Follow National Popular Vote on Facebook via NationalPopularVoteInc

  3. Rookie says:

    In response to toto . . . ‘The electoral vote system, like the Constitution it serves, was not devised by, and should not be revised by, simple-minded majoritarians.’ I think there are some pretty good points in the argument below.

    http://abcnews.go.com/Politics/story?id=122601&page=1

    Also, as a Virginian, there is no way in Hell Obama will win in this state again. His policies have not played well at all in what many would call the best managed state in the country.

  4. toto says:

    The Electoral College is now the set of dedicated party activists, who vote as rubberstamps for presidential candidates. In the current presidential election system, 48 states award all of their electors to the winners of their state. This is not what the Founding Fathers intended.

    The Founding Fathers in the Constitution did not require states to allow their citizens to vote for president, much less award all their electoral votes based upon the vote of their citizens.

    The presidential election system we have today is not in the Constitution. State-by-state winner-take-all laws to award Electoral College votes, were eventually enacted by states, using their exclusive power to do so, AFTER the Founding Fathers wrote the Constitution. Now our current system can be changed by state laws again.

    Unable to agree on any particular method for selecting presidential electors, the Founding Fathers left the choice of method exclusively to the states in section 1 of Article II of the U.S. Constitution– “Each State shall appoint, in such Manner as the Legislature thereof may direct, a Number of Electors . . .” The U.S. Supreme Court has repeatedly characterized the authority of the state legislatures over the manner of awarding their electoral votes as “plenary” and “exclusive.”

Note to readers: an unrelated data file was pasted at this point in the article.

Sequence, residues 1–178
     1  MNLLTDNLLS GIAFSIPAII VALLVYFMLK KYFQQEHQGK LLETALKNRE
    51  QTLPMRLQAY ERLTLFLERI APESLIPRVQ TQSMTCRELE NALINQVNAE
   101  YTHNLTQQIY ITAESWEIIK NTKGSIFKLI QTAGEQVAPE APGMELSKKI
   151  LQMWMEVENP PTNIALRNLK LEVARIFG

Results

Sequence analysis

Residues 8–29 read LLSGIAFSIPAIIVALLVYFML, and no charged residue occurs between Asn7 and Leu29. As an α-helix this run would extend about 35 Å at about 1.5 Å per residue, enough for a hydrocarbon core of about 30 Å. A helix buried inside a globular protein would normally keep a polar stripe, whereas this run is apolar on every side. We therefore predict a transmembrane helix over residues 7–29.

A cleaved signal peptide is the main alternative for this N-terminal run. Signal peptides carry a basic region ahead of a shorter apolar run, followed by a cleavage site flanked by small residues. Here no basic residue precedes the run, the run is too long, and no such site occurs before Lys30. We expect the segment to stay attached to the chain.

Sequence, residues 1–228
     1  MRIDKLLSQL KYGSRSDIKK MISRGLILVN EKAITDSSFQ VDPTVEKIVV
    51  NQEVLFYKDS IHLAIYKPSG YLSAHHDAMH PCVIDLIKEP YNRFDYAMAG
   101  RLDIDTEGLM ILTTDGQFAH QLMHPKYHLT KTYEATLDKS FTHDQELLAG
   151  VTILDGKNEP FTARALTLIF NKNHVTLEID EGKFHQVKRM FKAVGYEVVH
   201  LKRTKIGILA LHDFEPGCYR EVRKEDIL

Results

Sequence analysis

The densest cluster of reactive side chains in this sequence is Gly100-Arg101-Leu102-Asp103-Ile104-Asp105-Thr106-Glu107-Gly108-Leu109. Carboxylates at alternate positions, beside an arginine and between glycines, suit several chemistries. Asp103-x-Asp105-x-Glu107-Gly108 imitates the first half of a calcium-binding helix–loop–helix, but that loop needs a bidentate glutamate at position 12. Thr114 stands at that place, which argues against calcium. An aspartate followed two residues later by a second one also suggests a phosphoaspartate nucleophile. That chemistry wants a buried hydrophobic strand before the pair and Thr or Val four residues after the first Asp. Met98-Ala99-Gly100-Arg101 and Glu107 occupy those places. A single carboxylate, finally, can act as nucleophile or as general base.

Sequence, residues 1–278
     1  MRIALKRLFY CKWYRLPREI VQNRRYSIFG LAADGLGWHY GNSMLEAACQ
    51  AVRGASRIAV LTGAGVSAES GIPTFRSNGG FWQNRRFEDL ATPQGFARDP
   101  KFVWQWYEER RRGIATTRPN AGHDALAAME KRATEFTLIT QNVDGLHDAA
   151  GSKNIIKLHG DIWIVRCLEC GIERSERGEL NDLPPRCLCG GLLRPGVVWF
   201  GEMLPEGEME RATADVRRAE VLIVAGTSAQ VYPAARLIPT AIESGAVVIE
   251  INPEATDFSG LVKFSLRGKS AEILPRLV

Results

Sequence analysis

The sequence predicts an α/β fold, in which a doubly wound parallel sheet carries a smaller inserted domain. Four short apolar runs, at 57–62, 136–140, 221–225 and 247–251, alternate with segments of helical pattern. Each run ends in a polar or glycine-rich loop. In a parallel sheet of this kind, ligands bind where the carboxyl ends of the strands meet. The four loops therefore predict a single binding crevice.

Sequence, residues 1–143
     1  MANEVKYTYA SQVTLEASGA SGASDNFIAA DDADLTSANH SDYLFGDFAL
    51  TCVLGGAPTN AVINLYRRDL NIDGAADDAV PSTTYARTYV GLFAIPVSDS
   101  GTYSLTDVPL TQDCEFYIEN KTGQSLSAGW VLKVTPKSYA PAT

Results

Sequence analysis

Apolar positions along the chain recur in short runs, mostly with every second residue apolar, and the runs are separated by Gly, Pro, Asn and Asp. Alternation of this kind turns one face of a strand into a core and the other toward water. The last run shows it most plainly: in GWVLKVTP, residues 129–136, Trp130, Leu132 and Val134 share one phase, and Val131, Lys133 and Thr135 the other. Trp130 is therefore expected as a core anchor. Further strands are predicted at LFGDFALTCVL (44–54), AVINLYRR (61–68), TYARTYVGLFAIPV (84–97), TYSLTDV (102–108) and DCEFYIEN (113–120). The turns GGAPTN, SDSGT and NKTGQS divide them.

The constitution does not prohibit any of the methods that were debated and rejected.

    Supporters of National Popular Vote find it hard to believe the Founding Fathers would endorse an electoral system where more than 2/3rds of the states and voters now are completely politically irrelevant. 9 of the original 13 states are ignored now. Presidential campaigns have spent 98% of their resources in just 15 battleground states, where they were not hopelessly behind or safely ahead, and could win the bare plurality of the vote to win all of the state’s electoral votes. Now the majority of Americans, in small, medium-small, average, and large states are ignored. Virtually none of the small states receive any attention. None of the 10 most rural states is a battleground state. 19 of the 22 lowest population and medium-small states, and 17 medium and big states like CA, GA, NY, and TX are ignored. That’s over 85 million voters, 200 million Americans. Once the primaries are over, presidential candidates don’t visit or spend resources in 2/3rds of the states. Candidates know the Republican is going to win in safe red states, and the Democrat will win in safe blue states, so they are ignored. States have the responsibility and power to make their voters relevant in every presidential election.

    With national popular vote, with every vote equal, candidates will truly have to care about the issues and voters in all 50 states and DC. A vote in any state will be as sought after as a vote in Florida. Part of the genius of the Founding Fathers was allowing for change as needed. When they wrote the Constitution, they didn’t give us the right to vote, or establish state-by-state winner-take-all laws for awarding electoral votes, or establish any method, for how states should award electoral votes. Fortunately, the Constitution allowed state legislatures to enact laws allowing people to vote and how to award electoral votes.